Every Good Morning

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No matter what we do, we lose — loved ones, possessions, function, life.  At some point a fundamental question arises — how can we live a reasonably happy life while carrying an awareness of inescapable loss? Maybe one answer is not to confront the question. We might acknowledge its power, but seek to evade its hold. We might choose instead to fill the spaces made newly empty by loss with other vital, affirming actions that have the power to capture us — we can seek to create a life that, but for the periodic rest that is the necessary contrast, always moves forward to engage others, ideas, nature, art, work and the bliss of action.

Mark Rothko, the abstract expressionist painter and the protagonist of the play Red, is given lines that speak to such an immersion in action and virile beauty – “Movement is everything. Movement is life,” and “I’m here to stop your heart. I’m not here to make pretty pictures.” His Seagram’s Murals and his other his red paintings, are ablaze with a life force. To paraphrase his assistant in Red, “they pulse”. Mark Rothko’s Red Paintings

However, his ferocious temperament challenged others but also and especially his own talent and purpose. One comes away from the play believing that his ferocity turned against him, and that when he could not find a balance between that ferocity and the inevitable imperfections of life and work, he committed suicide.

So maybe the question must evolve: How can we both engage life and find a balance between its competing fears and joys, anxieties and exultations?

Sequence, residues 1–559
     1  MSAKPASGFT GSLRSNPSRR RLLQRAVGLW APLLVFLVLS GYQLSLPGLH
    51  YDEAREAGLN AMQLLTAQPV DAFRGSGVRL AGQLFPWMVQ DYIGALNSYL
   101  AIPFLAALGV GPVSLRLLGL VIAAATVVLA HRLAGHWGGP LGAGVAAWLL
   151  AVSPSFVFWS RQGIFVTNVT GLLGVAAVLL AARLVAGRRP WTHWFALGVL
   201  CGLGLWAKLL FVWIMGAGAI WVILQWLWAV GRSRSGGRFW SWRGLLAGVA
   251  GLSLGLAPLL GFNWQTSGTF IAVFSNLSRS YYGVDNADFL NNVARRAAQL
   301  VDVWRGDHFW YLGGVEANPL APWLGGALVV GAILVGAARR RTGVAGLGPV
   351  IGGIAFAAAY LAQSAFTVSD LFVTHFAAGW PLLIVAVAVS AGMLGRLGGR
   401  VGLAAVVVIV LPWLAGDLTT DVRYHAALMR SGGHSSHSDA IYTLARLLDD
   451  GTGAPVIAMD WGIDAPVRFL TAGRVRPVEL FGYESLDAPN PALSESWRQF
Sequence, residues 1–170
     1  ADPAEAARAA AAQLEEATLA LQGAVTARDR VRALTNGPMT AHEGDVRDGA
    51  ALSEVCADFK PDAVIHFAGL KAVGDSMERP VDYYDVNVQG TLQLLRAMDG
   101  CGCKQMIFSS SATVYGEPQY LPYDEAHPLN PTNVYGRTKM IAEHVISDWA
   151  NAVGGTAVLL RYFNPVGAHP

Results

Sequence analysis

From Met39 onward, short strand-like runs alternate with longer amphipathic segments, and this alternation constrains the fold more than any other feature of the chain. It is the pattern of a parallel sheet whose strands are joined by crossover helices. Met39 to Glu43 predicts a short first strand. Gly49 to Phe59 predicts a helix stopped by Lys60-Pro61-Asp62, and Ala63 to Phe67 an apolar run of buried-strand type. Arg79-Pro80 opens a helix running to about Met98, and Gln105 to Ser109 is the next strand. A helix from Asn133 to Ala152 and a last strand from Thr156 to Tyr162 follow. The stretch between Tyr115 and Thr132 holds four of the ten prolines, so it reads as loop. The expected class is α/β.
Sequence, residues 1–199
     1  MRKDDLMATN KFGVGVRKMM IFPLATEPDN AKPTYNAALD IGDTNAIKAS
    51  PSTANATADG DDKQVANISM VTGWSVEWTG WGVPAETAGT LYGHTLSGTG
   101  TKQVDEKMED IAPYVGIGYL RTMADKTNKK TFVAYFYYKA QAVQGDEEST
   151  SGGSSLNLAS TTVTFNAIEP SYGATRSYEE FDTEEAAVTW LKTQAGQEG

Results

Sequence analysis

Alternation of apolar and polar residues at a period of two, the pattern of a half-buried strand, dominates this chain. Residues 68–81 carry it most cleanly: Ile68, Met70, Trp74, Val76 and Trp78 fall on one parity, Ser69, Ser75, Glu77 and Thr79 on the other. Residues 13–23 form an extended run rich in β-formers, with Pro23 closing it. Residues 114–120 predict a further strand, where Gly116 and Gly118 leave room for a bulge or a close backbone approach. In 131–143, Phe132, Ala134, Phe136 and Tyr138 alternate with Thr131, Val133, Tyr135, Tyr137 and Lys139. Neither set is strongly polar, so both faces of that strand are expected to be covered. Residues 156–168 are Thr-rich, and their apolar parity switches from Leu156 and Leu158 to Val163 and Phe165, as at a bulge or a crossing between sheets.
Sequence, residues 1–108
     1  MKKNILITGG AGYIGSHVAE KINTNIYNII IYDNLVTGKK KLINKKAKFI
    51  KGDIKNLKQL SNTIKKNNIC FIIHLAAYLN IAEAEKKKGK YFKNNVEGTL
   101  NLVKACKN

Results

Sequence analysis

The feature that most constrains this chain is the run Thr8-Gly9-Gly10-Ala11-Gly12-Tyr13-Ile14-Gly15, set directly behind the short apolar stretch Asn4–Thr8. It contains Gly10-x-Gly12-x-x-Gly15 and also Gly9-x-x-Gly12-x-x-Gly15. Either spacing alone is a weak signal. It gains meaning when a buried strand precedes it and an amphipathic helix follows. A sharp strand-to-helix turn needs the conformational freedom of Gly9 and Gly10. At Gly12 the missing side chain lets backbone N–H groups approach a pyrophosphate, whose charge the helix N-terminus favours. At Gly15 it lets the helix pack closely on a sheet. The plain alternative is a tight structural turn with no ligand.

Delight breeds delight or to see it another way, as Bill Cunningham says, “He who seeks beauty will find it.” Bill Cunningham is the 86 year old creator of the New York Times features On The Street and Evening Hours and he is the humble star of the inspiring documentary Bill Cunningham: New York.

Cunningham has been walking and bicycling New York City Streets almost every day for 6 decades, taking photographs of what men and women are wearing. His enormous catalog is a history of street fashion. He loves patterns and the idiosyncratic. He has a superb eye for trends. Most importantly, he seems to have discovered how to be consistently, vibrantly happy. He is absorbed in New York street life, in all its grit and capacity to surprise, and he also photographs (but does not envy) its flashiest
counterpoint, the parties and charity events of its wealthiest and most celebrated residents.

Unmarried, monk-like, a man who goes to Mass every Sunday, disdainful of money, disdainful of status, eccentric, dedicated to preserving his independence, humble, both reserved and exuberant — he inhabits a life engraved with contrasts: he lives alone and has never had a romantic relationship but is beloved of co-workers at the Times, of fashion designers, of New York’s aristocracy, of Parisians and of those who recognize him while he is working on New York’s streets. Bill Cunningham: On the Street

In spite of having access to the wealthiest New Yorkers and to possibilities of his own wealth if he had indicated a wish to belong, he has chosen simplicity of purpose and independence of action – to ride his Schwinn bicycle every day and most nights through New York traffic, to “let the street speak to him”, to embrace the continual education of his eye, to work — to choose rather than have others choose for him. His life indicates that leisure should not be the goal of happiness, but instead, that the closest we might come to lasting joy requires an immersion in work, in purpose and in beauty.

© Mike Wall

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